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Posted: Tuesday June 15, 2010 4:52PM ; Updated: Tuesday June 15, 2010 5:49PM
George Dohrmann
George Dohrmann>INSIDE THE WORLD CUP

Three quick thoughts: Brazil-North Korea

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Robinho
Robinho (left) produced the pass that split the North Korean defense for Brazil's game-winning goal.
Richard Heathcote/Getty Images
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Three quick thoughts after Brazil's 2-1 victory over North Korea in Group G on Tuesday.

1. We have yet another goalkeeping blunder. North Korea's strategy was to defend like mad, to stay organized and compact, and hope for a scoreless draw. A young team (with an average age of 25 and four months, it is the second youngest in the World Cup), the North Koreans showed great discipline and held Brazil scoreless for 54 minutes. But then Maicon got loose on the right, and as he carried the ball to the end line it looked as if he would cut a pass back toward the spot. North Korea goalkeeper Ri Myong-Guk thought the same, and inched away from the near post. Maicon caught him leaning and fired a shot past. It was not exactly a mistake on the level of England's Robert Green against the U.S., but one of the cardinal rules of goalkeeping is to never get beat near post.

2. Who are these guys? So little is known about the North Korea players that it is hard to know if a player had a game up to or above the norm. What is undeniable is that forward Jong Tae-Se had a heck of a game. The 26-year-old, who plays for Kawasaki Frontale in Japan, was dangerous on the counterattack and one of the few North Koreans able to sustain possession. He also assisted on Ji Yun-nam's goal in the 89th minute, which momentarily turned the game on its head. It would be easy to tab Jong and others as potential targets of European clubs after a performance like that against one of the world's great teams, but nothing is easy with North Korea, so who knows.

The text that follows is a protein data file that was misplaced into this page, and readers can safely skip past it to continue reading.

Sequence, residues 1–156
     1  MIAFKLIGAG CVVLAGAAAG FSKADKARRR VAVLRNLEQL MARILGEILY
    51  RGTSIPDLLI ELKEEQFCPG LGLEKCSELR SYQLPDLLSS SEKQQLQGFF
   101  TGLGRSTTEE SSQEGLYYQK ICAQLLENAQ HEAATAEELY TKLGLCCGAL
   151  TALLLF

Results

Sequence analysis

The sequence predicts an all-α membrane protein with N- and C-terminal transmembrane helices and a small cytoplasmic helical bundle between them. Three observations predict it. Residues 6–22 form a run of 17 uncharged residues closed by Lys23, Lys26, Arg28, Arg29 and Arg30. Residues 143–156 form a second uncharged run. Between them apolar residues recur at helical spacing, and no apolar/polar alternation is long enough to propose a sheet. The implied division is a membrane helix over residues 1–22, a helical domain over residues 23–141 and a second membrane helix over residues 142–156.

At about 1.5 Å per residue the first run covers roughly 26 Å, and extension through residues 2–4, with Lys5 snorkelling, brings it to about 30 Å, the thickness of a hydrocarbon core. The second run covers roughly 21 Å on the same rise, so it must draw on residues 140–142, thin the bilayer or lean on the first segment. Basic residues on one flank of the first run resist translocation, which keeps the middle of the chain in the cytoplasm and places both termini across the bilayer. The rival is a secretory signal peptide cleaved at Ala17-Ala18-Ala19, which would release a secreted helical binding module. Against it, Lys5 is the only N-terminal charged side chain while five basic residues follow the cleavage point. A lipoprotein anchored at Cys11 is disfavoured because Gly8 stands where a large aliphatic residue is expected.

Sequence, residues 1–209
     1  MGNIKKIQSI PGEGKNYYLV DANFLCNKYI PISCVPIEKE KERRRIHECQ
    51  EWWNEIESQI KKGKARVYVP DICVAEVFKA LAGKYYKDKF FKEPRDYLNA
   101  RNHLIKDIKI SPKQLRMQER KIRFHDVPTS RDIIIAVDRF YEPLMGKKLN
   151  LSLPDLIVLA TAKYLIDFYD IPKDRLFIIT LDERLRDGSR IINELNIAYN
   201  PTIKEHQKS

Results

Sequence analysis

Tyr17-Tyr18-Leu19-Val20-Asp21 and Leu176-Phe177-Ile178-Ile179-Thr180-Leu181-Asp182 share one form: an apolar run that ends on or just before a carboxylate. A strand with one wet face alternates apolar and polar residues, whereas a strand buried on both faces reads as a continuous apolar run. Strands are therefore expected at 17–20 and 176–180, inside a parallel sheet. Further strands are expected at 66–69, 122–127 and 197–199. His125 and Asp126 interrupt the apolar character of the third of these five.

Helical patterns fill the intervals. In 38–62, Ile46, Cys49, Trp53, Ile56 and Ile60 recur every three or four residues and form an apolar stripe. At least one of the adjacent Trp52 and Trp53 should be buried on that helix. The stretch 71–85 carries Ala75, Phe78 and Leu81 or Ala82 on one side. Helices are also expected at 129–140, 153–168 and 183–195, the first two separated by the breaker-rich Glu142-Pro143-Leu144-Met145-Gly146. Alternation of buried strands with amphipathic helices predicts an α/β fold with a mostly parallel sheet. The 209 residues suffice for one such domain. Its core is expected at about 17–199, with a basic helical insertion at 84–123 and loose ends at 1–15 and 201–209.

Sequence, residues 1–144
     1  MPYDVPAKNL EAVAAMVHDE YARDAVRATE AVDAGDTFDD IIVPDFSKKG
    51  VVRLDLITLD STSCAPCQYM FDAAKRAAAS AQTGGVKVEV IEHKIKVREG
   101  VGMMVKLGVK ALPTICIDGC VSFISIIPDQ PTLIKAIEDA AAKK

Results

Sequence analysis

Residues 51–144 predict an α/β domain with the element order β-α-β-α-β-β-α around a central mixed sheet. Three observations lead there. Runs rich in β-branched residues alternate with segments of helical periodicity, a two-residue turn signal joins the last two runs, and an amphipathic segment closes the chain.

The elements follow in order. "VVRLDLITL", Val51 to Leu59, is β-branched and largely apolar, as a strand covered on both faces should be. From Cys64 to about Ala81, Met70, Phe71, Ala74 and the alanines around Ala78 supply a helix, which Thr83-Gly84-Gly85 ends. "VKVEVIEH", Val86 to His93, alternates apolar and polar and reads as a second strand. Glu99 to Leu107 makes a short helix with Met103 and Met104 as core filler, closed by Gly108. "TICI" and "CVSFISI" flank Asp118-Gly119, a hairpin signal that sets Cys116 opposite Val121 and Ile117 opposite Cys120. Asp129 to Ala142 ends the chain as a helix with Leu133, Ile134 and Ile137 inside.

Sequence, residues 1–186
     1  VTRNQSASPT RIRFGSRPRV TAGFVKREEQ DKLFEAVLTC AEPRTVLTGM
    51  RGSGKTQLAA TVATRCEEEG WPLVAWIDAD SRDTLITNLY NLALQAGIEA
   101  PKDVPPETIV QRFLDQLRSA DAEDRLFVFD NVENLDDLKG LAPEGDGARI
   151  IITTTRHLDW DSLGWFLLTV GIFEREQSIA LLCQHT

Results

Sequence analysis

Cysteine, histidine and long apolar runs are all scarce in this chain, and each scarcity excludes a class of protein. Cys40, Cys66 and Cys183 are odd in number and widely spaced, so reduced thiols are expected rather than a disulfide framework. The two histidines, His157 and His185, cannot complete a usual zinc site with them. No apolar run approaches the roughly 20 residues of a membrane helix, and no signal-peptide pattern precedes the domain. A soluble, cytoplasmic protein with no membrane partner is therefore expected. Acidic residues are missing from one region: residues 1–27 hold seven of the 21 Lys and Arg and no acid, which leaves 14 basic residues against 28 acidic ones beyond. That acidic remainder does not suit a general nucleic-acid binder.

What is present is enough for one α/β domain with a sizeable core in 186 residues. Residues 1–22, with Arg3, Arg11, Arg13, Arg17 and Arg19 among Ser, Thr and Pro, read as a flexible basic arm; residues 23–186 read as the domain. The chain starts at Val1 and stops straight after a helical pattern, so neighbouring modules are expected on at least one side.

3. Ronaldinho was not missed, yet. As Brazil struggled to crack North Korea's defense in the first half (and because of those ever-present Nike commercials), it was impossible not to wonder if Brazil could have used a little of Ronaldinho's magic. It is too early to say definitively if Brazil missed him (or, to a lesser degree, talents like Alexandre Pato and Diego), but after one game Dunga's decision to leave him home can't be questioned.

 
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